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Authors: Srivastava, R. C.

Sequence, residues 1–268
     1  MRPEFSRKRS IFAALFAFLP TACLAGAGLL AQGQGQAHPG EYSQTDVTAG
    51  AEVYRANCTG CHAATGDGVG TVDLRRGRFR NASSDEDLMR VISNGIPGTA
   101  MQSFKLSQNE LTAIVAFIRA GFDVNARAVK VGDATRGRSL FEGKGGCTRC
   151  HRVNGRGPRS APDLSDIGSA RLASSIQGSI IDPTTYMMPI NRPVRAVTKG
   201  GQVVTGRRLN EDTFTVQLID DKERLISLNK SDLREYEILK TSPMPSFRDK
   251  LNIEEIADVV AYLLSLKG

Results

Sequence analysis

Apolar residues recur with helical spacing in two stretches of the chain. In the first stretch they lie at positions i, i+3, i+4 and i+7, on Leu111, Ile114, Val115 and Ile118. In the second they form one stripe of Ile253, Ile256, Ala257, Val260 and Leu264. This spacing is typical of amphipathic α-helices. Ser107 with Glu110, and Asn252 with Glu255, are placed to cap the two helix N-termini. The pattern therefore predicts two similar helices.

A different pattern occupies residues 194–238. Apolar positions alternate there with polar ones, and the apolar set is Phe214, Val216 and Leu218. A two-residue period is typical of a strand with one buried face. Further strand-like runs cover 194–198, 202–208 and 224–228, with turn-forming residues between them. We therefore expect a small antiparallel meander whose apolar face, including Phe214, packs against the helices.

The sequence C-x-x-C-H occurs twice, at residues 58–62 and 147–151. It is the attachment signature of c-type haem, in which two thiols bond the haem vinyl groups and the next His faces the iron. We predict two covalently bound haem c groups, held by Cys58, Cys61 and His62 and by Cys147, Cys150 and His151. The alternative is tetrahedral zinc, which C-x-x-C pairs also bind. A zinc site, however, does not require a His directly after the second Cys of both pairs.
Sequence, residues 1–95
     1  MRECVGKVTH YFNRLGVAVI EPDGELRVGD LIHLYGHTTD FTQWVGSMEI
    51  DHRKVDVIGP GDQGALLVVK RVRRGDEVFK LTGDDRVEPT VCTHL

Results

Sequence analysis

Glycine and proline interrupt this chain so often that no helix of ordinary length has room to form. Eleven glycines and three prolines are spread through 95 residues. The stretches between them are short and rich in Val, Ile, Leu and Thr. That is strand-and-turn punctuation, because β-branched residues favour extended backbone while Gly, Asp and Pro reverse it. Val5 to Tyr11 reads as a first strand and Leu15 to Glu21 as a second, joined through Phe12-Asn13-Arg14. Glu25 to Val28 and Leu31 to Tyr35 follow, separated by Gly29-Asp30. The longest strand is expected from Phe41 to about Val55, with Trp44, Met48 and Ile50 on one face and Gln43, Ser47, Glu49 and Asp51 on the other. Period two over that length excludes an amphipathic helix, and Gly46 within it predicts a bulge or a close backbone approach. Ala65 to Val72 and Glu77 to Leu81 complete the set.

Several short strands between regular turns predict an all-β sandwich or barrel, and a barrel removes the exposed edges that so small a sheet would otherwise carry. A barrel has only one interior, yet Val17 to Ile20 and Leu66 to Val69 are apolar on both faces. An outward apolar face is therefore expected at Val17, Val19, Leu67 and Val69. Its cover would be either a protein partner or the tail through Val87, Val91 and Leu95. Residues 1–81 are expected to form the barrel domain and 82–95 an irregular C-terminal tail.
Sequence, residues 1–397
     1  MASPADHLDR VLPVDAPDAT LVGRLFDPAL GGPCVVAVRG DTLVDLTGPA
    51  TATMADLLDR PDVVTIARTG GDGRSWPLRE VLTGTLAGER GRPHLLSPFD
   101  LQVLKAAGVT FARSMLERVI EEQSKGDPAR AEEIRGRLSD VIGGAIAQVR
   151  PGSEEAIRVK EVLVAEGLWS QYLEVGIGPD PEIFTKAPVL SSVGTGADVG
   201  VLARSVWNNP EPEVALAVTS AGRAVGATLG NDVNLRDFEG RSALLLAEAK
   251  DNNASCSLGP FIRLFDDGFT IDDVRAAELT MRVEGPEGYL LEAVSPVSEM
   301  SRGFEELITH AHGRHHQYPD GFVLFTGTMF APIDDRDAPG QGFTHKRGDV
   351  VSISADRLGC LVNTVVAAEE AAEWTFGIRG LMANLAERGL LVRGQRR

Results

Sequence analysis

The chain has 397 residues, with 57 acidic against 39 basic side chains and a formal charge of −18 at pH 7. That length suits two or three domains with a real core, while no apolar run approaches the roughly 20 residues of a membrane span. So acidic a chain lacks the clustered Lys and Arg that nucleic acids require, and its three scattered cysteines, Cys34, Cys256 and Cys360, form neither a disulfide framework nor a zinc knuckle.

Issue Date: 1975